iRobot Roomba 660 review

Cleaning your house is a bore, but sadly one that has to be done from time to time unless you are happy to live in a dirt-invested hovel - we doubt that - so is a robot vacuum cleaner the answer? We set one to work in the Pocket-lint office to find out.

Design

For those looking to bandy around tech jargon, the 660 features iRobot's new Aerovac Technology that ensures an optimised airflow, and a redesigned brush that makes it easier to remove hair and fur for the Roomba 600 to pick up.

That doesn’t stop it looking like a large ice hockey puck, but still, that design shape allows it to bash its way around your house like a man who's had too many glasses of wine at a Christmas party.

That circular design, now familiar to anyone who has seen the iRobot Roomba range before, also means it can work its way around your living room sliding under tables and chairs with minimal fuss. New for the 660 is a coloured top - hey, vacuum cleaners need to look good too - but it's very much  as we've seen before, but with better technology inside.

That means a throng of buttons on top, with the big glowing "clean" button being hard to avoid, and taking centre stage. Flip the little blighter over and you get access to the dirt tray and brushes. All are easily serviceable and you get an array of cleaning tools and replacement parts in the box to keep you going - should you run into problems.

Size-wise and it's around the size of a large circular tray or one of those under plates you get in posh restaurants. Around the edge are the bumpers, so it won't mark your walls.

Performance

Charge it up, and then set it free: it really is as easy as that with the Roomba 660. Having a timer switch means you can set it to clean when you've gone to work, or to bed, and thanks to the charging dock the cleaner knows to head back to get more power when it is running low. Yes, it really is autonomous.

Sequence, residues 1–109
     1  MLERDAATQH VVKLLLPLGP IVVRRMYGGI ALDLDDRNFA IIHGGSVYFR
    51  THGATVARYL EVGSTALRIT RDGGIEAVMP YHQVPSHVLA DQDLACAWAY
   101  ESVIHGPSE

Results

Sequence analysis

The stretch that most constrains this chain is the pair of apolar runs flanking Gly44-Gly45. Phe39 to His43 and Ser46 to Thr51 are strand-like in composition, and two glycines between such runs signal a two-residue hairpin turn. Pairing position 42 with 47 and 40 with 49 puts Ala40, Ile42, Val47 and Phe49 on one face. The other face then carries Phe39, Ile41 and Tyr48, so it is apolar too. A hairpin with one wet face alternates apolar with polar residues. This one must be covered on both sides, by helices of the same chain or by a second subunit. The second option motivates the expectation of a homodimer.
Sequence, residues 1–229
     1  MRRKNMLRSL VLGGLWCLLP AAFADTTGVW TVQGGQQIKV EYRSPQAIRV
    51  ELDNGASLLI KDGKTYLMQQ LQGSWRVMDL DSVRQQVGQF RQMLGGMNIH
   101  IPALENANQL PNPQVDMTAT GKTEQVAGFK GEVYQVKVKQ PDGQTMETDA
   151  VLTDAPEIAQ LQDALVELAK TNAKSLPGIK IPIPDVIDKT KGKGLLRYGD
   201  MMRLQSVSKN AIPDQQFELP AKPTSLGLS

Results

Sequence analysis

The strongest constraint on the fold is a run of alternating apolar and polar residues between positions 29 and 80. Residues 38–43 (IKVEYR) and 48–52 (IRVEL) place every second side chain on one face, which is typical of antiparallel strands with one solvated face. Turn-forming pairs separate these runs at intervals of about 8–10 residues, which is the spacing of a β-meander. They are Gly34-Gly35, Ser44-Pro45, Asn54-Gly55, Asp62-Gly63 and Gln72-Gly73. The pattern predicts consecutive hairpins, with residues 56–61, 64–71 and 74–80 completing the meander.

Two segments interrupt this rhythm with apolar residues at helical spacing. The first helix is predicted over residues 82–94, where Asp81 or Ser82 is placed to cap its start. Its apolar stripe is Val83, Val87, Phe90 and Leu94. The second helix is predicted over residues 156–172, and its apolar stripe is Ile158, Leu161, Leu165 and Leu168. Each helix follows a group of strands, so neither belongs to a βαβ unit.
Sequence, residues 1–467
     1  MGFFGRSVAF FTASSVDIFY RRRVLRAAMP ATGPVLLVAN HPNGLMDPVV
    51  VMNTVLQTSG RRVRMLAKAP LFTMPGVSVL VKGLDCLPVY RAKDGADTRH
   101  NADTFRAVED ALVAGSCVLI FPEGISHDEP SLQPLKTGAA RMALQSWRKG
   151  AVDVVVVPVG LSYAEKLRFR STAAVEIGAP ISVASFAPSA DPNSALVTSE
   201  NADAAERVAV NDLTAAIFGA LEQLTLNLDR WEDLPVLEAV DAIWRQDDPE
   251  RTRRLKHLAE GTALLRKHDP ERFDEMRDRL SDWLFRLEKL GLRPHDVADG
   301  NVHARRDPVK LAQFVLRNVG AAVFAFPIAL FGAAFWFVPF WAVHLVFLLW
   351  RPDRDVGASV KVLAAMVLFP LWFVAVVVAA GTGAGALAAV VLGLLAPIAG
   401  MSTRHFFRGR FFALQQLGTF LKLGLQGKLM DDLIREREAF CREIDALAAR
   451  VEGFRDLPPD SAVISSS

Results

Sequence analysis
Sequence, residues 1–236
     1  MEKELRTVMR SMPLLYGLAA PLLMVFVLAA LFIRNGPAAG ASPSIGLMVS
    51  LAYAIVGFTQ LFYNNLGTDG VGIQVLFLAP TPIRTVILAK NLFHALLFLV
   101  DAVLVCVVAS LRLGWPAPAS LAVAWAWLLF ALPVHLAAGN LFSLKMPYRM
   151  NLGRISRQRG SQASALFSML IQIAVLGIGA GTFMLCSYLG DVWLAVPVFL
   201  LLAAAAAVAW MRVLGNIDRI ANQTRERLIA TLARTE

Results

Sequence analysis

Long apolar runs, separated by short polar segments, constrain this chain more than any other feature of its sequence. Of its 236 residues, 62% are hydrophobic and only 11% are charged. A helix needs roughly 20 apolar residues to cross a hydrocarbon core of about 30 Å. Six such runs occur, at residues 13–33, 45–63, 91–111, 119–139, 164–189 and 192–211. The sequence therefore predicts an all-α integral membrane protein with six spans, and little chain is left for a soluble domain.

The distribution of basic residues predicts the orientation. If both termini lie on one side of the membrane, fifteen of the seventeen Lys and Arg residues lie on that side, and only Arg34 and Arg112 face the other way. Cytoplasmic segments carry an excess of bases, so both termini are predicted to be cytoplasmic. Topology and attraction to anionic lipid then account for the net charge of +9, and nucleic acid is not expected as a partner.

It does a good job of getting carpets clean, but it does take its time about doing it. We've found that the best solution is to set it regularly and often - in our case during the night when we are out, so not to over-burden it. Once you've done the initial sweep, any worries that the dirt tray won't be big enough goes away. Unless you spend your days dropping Cornflakes all over the floor you'll be fine.

Over the past two weeks of testing it in this manner, we've had a nice clean carpet in the office every day.

Dirt Direct is a sensor that locates the dirtiest areas of a room, it then concentrates its efforts on said patch. There's also a virtual wall option, which ensures the Roomba 600 Series won’t go into areas that are out of bounds. 

Where the Roomba 660 doesn't work in the same way against a traditional vacuum cleaner is when you need it to clean a specific area on your carpet. There is a "spot" mode on the Roomba 660, however it is still quicker to opt for a more traditional cleaner, as you can control where and how much effort is needed to clean. We found ourselves ultimately just getting frustrated with it, especially from a speed point of view, although on the plus side we were able to sit back and grab a coffee.

You'll also find that the power clearly isn't as good as a traditional cleaner, especially compared to the new range of Dyson cleaners like the DC50. Again that shouldn't be a problem for most once you've got yourself into a good cleaning routine, but if you've got kids and pets with regularly dirty feet, you might find that the Roomba 660 isn't really up to the job.

Scheduling cleans

The Roomba 660 has a built-in timer and can be set to come on at any time of the day, seven days a week. To stop it going places it's not supposed to, you get an invisible wall device in the box that creates a beam that the Roomba can't cross, and it knows not to throw itself down a flight of stairs too.


Scheduling cleans is as easy as pressing a couple of buttons. You can set the day and time of the clean, if you only want once a week, no problem. If you want it to clean midday on a Tuesday and then 3am on a Thursday, that's fine too. It's here that the robot vacuum cleaner really does win out over a more traditional cleaner.

The iRobot Roomba 600 Series vacuum cleaning robots work on carpets, tiles and both laminated and wooden floors with pricing starting from £299.

Verdict

Roomba 660 sits at the top of the new 600 series that replaces the Roomba 500 series. Improved sensors, better sucking power, and a splash of colour all go to helping improve what is already a good device - albeit with the same limitations as before.

The real appeal of the Roomba 600 Series remains the robotic prowess and for the lazy, that can't be beat, but if you are someone who uses there vacuum cleaner to reactively deal with dirt then this probably isn't for you.

No, the Roomba 660 is for those who like to proactively tackle dust and dirt in their house, while at the same time saving themselves from having to spend every night cleaning the living room.

If that sounds like you, and you aren't interested in spending in the region of £400 for the Roomba 700 series, the Roomba 660 will do you very nicely - just don’t give away your traditional vacuum cleaner yet.